Roth's lab started gorking everything in sight: yeast, nematodes, mice, rats, dogs, pigs...but it was the paper Roth published the previous year on zebra-fish embryos that would finally get him federal money. Not from NIH, though. The zebra-fish paper was about stopping the heart of zebra-fish embryos. It was about switching their hearts on and off. The paper reported that the Roth lab was able to switch off the zebra-fish hearts for, like, nine hours before switching them back on again. I mean, those fish were dead....And so one day in 2001 Roth got a call in his lab. It was from DARPA. That's the Defense Advanced Research Projects Agency.
That's the Pentagon's arm for applied scientific research and "high risk, high payoff" freethinking. It's a strange, oxymoronic place that, aside from the creative lethality of its intentions, might be Mark Roth's institutional counterpart. "Did you really do what you say you did?" the DARPA program manager asked Roth. When Roth assured him that yes, he did, and that what he was doing was trying to get people not to die when they have heart attacks, the DARPA guy said, Well, we're trying to get people not to die when they bleed out, and he started working on getting Roth paid.
Roth never did get NIH money, though. Well, he had some, for some bricklaying work he was doing on chromosomal separation. But when he published his first paper on suspended animation and thanked the NIH for its support, the NIH freaked. What's suspended animation, after all, when you could be putting federal money into advancing our knowledge of chromosomal separation? But he never really was an NIH guy anyway, because he was never really interested in the mechanism of suspended animation -- he was interested in the effect. He was interested in the benefit.
There are people in his lab who are, at this moment, trying to account for the genetics of suspended animation and the role of hydrogen sulfide in the maintenance of metabolic flexibility, but Roth is a pragmatist. It sounds funny, calling a guy who says that he's interested in exploring the genetics of spontaneous combustion a pragmatist, but Roth grew up poor outside Philadelphia.
After their father died, he and his brothers grew up in a boys' school that doubled as an orphanage, and though you lose some things when you get sent away from home at age seven -- you lose love -- you do become pragmatic and self-sufficient. Which is why once Roth deduced that there was the possibility that his use of hydrogen sulfide to dim the candle could change the standard of critical care not just in warfare but in hospitals around the world, he founded a biotech company in 2005 to market it.
It's called Ikaria, after the island with regenerative sulfur springs mentioned by Herodotus. We're not talking about a company that might market, say, a diagnostic test for lupus here; we're talking about a company whose scientific mission is ruthlessly subordinated to the values of human benefit and scalability; we're talking about a biotechnology firm that, although started with venture capital, wound up purchasing a company that deals in pharmaceutical gases, such as the nitric oxide used to save the lives of blue babies; we're talking about a company with revenues of $200 million a year, a company that, until the collapse of the financial markets, was expected to go public with one of the biggest biotech IPOs ever.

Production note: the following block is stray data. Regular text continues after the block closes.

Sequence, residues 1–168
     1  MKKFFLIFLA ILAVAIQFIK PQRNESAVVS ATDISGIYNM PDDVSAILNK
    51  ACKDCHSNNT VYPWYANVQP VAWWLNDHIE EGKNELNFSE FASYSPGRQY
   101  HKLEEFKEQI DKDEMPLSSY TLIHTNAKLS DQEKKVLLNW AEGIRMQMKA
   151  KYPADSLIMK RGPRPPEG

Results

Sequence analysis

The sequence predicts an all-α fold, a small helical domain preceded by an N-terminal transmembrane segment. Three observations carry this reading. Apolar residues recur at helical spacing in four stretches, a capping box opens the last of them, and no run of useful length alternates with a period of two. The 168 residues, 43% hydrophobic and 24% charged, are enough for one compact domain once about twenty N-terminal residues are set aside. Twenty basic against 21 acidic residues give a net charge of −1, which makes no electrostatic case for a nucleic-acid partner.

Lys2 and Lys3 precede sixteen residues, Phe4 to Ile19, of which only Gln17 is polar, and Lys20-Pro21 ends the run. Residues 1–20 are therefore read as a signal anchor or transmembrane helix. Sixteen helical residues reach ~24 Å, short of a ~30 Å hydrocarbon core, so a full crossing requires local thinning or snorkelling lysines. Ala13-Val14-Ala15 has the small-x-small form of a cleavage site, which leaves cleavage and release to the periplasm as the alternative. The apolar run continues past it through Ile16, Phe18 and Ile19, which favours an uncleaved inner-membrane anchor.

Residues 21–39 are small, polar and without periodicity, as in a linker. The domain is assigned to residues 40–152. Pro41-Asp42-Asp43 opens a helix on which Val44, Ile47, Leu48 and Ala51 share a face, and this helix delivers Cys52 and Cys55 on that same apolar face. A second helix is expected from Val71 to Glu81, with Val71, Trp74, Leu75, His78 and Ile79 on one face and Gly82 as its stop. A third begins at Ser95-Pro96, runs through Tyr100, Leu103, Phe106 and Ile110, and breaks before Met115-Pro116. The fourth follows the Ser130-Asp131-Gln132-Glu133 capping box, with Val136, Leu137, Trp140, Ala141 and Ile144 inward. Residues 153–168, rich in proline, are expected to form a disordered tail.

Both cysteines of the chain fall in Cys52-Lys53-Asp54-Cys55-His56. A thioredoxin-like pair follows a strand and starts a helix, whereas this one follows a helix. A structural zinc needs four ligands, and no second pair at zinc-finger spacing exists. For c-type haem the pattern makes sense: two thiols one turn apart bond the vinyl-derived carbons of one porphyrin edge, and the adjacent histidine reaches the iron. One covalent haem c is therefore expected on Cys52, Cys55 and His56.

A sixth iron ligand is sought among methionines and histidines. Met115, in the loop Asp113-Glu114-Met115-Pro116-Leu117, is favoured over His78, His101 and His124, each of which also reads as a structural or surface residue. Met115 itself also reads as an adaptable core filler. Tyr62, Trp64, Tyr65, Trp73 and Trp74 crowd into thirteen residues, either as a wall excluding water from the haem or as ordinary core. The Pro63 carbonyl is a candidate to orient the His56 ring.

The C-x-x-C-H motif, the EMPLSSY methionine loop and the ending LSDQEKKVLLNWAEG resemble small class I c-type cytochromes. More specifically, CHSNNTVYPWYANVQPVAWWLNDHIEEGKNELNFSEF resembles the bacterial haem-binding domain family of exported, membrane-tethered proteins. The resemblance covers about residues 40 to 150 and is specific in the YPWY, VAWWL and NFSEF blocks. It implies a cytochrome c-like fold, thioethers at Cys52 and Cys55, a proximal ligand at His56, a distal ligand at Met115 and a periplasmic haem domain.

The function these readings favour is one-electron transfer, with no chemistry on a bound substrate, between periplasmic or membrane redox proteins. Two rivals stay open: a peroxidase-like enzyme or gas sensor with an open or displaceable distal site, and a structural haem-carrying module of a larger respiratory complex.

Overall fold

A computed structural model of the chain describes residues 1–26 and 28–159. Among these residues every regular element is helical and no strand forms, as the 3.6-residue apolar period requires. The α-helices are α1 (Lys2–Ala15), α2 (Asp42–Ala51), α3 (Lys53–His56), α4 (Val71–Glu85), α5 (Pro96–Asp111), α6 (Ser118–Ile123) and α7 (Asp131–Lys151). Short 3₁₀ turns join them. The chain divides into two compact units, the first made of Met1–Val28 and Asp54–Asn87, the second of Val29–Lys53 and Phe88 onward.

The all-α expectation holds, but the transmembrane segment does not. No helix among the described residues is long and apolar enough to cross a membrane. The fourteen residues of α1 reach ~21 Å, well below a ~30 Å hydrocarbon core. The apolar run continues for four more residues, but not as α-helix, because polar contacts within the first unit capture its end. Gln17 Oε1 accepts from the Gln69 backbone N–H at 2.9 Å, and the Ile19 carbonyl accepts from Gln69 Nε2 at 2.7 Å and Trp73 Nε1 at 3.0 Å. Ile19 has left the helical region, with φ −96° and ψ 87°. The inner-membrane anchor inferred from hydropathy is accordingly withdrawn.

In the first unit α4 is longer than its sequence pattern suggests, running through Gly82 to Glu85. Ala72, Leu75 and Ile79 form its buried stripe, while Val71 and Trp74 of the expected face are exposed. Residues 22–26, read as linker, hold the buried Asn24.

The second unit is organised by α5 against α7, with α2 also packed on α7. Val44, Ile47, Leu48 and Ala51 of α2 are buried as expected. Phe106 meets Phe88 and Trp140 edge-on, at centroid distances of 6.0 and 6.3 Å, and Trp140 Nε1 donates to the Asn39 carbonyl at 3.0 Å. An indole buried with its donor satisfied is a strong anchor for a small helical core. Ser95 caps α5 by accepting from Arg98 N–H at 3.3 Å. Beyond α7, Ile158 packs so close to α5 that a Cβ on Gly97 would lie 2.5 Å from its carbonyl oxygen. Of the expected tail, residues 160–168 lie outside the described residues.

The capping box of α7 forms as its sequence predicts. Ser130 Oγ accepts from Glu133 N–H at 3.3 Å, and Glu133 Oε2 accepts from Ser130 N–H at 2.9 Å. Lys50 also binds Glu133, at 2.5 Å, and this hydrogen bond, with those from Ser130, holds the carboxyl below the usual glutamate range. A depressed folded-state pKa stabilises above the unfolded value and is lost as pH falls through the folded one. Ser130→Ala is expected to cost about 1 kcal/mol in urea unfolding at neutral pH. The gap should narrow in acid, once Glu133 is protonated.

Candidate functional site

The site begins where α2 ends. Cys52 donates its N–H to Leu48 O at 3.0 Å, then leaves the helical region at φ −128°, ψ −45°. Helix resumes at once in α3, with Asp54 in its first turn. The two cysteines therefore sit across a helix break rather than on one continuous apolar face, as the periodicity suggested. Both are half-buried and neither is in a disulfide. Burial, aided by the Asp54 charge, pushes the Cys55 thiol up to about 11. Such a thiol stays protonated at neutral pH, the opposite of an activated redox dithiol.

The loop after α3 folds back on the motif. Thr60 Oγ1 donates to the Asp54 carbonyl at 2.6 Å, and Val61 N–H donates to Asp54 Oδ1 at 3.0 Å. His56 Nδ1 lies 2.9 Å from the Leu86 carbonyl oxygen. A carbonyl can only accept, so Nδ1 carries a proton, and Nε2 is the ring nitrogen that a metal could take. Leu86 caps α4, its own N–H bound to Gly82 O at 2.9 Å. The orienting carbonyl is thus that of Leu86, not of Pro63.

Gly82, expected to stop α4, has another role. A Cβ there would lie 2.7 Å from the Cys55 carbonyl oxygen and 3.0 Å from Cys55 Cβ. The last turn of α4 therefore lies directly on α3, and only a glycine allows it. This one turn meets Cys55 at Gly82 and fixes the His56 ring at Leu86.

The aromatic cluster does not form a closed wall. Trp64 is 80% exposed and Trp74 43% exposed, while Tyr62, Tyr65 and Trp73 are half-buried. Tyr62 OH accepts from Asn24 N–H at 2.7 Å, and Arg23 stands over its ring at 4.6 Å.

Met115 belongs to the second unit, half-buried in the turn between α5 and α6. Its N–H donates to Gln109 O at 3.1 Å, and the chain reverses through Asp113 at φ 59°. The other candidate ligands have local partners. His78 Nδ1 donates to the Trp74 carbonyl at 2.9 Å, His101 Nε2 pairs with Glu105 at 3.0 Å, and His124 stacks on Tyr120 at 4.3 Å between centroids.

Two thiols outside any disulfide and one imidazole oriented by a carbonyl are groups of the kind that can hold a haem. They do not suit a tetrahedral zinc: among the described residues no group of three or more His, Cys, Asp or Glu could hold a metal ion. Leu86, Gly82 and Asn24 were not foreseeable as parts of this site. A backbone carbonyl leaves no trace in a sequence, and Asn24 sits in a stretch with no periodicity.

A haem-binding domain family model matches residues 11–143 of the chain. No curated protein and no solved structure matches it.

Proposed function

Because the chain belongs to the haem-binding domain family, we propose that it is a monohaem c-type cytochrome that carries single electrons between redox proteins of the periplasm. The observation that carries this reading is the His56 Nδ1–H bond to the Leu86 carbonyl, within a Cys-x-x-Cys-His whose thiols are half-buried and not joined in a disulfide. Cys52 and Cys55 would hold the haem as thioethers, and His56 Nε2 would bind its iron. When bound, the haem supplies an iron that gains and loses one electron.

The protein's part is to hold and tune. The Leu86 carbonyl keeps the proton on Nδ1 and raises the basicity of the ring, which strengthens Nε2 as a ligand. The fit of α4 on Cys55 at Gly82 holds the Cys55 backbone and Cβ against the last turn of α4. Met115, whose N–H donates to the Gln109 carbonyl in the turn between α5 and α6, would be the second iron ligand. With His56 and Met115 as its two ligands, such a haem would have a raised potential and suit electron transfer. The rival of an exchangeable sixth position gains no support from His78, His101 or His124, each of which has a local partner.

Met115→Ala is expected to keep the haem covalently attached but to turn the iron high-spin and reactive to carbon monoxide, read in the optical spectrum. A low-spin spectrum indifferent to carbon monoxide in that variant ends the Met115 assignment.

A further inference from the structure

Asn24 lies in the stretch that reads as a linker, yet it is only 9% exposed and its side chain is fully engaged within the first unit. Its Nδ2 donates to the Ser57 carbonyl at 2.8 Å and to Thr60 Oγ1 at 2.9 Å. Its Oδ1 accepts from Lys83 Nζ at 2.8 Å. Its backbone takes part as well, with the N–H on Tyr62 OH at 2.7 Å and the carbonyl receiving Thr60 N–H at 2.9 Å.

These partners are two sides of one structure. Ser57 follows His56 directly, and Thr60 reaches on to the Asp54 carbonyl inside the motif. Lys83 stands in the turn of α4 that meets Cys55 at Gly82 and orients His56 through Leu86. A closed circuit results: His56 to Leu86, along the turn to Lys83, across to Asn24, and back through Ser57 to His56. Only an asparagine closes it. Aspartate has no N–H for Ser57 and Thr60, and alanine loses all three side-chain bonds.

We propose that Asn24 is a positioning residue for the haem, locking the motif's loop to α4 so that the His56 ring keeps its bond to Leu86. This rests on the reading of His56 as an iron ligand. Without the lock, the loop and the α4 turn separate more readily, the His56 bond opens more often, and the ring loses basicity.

Mark Roth is a major stockholder. He has always considered himself more of a throwback -- a throwback to the days before basic science meant the ferreting out of molecular mechanisms. Now he wants to be a throwback to the days when scientists were rich men who could fund themselves. He wants to be a success so he can go back to pursuing failure. He wants to go away from the campfire, into the woods, and have the option of not coming back.
You know what his problem is now? He was, and is, right. That's not necessarily a good thing. He knows a lot of guys who are right. And it's all over for them. The greatest freedom in the world -- and the only real freedom for a scientist -- is the freedom to be wrong. And that's the freedom Mark Roth is underwriting, with a company committed to saving the lives of bleeding and burning men.
Mark Roth keeps a little bottle on his desk, a pharmaceutical-sized vial full of clear liquid. It's got an orange plastic cap and a gold ribbon wrapped around the neck. It's a hydrogen-sulfide derivative, and Ikaria's first suspended-animation product. It's completed Phase 1 trials in Australia and Canada. It's being tested on humans, to make sure it's safe. He's gorking people now!
He's dimming human candles! It's also being tested on pigs in Texas. The military is doing those tests. They're doing surgery on anesthetized pigs, and then gorking them, to see if they survive the bleedout. If it works, it's going to be considered for emergency use in Iraq. Would it have saved the life of his daughter? It might have. She died a month after the surgery, but basically she bled out. She bled out.
You know, a few years ago, Roth went to Alaska on a trip. He went to Fairbanks, and it was freaking cold, man. It was 30 degrees below zero, and he saw something that he never forgot. He saw crows flying. These were creatures made of feathers and hollow bones. They had no right even to be alive at 30 below, but there they were, and they were flying. The image has haunted him to this day, because he can't explain it. And that's what science is.
You do the same thing day after day, you see the same thing day after day, and then suddenly you see something unaccountable, impossible -- believe it or not -- and it stays with you. All creatures die. But the things that haunt you, they get to live forever.
Date: 9 Dec 2008 | Author: mesmerX | Category: News